What do you know about your great-grandparents? Skeletons in your closet? Research into genealogy has become popular, with internet searches, even DNA connections to the past. In The Lake of Dreams, Kim Edwards uses the promise of a concealed family black sheep as the key to a modern dilemma involving environment, culture, land development, and a family legacy.
Flying back from Indonesia to the old family homestead to check on her mother’s condition after a car accident, Lucy Jarrett finds herself uncomfortably in a world she thought she had left behind and in the middle of a mystery. Edwards introduces so many characters so quickly, it can be hard to keep them straight, but it’s best to just plow through and look for the clues. Old missing relatives, high-school sweethearts, suffragettes, glass-blowers, lock pickers, and stained-glass window artists – all craftily combined to lead you to the great revelation.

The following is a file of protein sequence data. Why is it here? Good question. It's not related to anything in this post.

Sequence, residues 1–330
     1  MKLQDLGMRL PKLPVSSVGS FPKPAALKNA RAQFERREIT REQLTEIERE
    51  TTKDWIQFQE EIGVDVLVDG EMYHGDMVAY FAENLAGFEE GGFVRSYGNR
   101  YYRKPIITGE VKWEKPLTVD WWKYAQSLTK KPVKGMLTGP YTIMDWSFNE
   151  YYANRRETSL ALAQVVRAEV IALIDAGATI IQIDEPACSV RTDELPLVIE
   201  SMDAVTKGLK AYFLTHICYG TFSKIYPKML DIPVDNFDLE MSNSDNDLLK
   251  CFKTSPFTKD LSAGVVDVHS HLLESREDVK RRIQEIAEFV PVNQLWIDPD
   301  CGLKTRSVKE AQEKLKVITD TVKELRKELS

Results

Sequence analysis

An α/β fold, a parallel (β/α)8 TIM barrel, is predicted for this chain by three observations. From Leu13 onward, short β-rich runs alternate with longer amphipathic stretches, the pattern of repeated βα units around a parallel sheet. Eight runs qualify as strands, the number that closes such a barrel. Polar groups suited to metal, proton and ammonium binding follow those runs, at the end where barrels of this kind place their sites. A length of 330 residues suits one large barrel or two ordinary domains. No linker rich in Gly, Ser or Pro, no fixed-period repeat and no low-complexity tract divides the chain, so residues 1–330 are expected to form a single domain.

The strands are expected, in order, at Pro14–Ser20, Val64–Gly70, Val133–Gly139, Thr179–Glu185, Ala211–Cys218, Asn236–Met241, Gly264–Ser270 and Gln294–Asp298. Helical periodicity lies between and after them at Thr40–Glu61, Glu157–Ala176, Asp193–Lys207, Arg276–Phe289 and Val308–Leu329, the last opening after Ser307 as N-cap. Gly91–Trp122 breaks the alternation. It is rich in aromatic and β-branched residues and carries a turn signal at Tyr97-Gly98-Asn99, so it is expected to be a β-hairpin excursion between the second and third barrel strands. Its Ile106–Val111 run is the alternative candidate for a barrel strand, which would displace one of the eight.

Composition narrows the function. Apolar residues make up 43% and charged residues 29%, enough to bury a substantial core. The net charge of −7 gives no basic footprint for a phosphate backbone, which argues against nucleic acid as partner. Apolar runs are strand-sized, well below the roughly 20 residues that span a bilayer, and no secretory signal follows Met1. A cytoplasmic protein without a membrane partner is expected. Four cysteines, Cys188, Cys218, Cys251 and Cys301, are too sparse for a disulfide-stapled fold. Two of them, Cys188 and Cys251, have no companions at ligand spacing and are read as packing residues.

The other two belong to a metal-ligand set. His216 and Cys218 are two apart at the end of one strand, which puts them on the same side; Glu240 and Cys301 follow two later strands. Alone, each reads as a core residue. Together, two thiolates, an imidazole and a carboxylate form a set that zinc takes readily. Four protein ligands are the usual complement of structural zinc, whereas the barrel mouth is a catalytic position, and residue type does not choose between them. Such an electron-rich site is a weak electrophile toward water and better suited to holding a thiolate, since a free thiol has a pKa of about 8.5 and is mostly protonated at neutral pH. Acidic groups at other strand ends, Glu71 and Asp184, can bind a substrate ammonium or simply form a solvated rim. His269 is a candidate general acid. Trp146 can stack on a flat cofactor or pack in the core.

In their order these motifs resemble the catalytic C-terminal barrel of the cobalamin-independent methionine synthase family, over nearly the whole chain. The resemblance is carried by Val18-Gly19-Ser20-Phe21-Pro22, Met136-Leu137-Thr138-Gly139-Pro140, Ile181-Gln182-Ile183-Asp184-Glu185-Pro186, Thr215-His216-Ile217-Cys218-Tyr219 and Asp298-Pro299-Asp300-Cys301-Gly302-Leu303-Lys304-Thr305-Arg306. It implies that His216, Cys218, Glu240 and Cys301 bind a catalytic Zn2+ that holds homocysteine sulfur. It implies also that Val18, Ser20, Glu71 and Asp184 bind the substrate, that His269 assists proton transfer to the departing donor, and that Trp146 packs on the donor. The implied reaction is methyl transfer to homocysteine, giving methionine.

Throughout the story, Lucy battles her own memories while yearning to unlock how her past will shape her future. The search for Rose, her great-aunt, and Rose’s daughter Iris, leads Lucy to old letters and a hidden family lineage that connects her to the historical fight for women’s rights.
But this is mainly a saga of family relationships, with that soap opera glue that is hard to resist. Kim Edwards flavors the mystery with squabbling brothers, displaced inheritance, disgrace, jealousy, greed, and lovers.
The plot is intricate and complicated, like the symbolic interwoven spheres and vines in the story, but just when you want her to get on with it, Edwards gives you the gift of a resolution – before plunging you into the next crisis. Her extensive descriptions and philosophical comments weigh down the story; some could easily be skipped. Yet, without her finessing of the language, the book would not be as good.
She saw it, emerging slowly from the mouth of the shadow, and laughed, reaching for the sky as babies will, as if she could grasp the moon in one small hand and slip it into her mouth like a wafer.
“…she put the paperback facedown…I glimpsed an ethereal baby dress against a background of black…”